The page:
Marines Reopen Base on Guam as Part of a Shift from Okinawa

Marine Corps Base Camp Blaz Reactivation and Naming Ceremony in Guam.
U.S. Marines render a salute during the Marine Corps Base (MCB) Camp Blaz Reactivation and Naming Ceremony at Asan Beach, Guam, Jan. 26, 2023. (U.S. Marine Corps photo by Lance Cpl. Garrett Gillespipe)

The Marine Corps has reactivated a historic base on the island of Guam as part of an ongoing reshuffle and reorganization of troops in the Pacific.

The service held a ceremony to establish Marine Corps Base Camp Blaz -- the first new base for the Marines in 70 years -- on Thursday at Asan Beach in Guam, a press release announced.

Ultimately 5,000 Marines will be stationed there, Sabrina Singh, the Pentagon's deputy press secretary, told reporters Thursday. Capt. Ryan Bruce, a spokesman for the Marine Corps, said that Marines will begin relocating to the island "in the first half of the 2020s."

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Japanese news outlets reported that the transfer will start in 2024.

The base, which is on Guam's northern plateau, is still in the process of being built. The Marine Corps noted in its press release that it is "partially funded by a large monetary contribution from the Government of Japan." Japanese news outlets, citing the country's defense ministry, reported that the contribution is 370 billion yen, or $2.86 billion out of a total cost of $8 billion.

The press release said that Guam was chosen as a location for a new base in 2012 as part of a broader defense agreement between the U.S. and Japan. That agreement "set the framework for the relocation of Marines from Okinawa to Guam."

Singh noted that the move of Marines from Okinawa to Guam "doesn't reduce the presence at Okinawa" despite the fact that the base's opening comes just two weeks after the Marines announced that they would be swapping out the units stationed on the Japanese island, replacing the 12th Marine Regiment with the 12th Marine Littoral Regiment by 2025.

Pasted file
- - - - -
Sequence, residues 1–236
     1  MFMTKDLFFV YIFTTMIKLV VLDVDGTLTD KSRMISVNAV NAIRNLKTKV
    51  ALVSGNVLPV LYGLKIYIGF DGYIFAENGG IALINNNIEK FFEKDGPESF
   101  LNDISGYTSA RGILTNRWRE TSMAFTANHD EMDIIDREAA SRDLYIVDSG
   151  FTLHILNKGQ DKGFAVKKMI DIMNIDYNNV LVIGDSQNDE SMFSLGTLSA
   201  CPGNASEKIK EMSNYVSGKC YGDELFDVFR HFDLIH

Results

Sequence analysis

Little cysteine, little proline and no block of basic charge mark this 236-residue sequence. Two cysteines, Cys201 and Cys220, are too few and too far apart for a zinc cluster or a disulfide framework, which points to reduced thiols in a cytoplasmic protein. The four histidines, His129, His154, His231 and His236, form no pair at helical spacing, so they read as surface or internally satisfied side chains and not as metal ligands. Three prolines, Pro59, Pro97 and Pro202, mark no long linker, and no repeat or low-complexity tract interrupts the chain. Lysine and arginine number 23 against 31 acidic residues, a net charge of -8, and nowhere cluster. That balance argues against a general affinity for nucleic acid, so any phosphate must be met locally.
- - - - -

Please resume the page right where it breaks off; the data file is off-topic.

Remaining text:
The Marine Corps said that this redesignation will mean the relocation of approximately 9,000 Marines and their families from Okinawa to commence in 2024 and stressed that "no new units will be added" to the island.

That earlier announcement went on to say that, "to maintain the number at the agreed upon troop levels," units in Okinawa "will be strategically dispersed throughout the Indo-Pacific Theater, with Guam to serve as an important logistics hub in the future."

"In terms of our commitment to Okinawa, we're still going to have a presence there as well," Singh told reporters.

In announcing the new base, the Marine Corps also highlighted its history on Guam. The branch first arrived on the island in 1899 and set up a barracks. The island was captured by the Japanese in 1941 following the attack on Pearl Harbor, and it was taken back by U.S. forces -- primarily the Marines -- in 1944. The Marine barracks on the island was reactivated after World War II and was in operation until 1992.

The base's namesake -- Brig. Gen. Vicente Tomas "Ben" Garrido Blaz -- was the first Chamorro Marine, an indigenous group from Guam and other islands in the area, to become a general officer.

Despite the outreach to the people of Guam and the Chamorro people who live on nearby islands, the reactivation of the base was met with some protest. Local news outlets on the island reported that protesters showed up to the ceremony marking the establishment of the new base, with the group's leader claiming that bases like this one "make us a bigger target for war, and we are tired of being a colony."

-- Konstantin Toropin can be reached at Follow him on Twitter @ktoropin.

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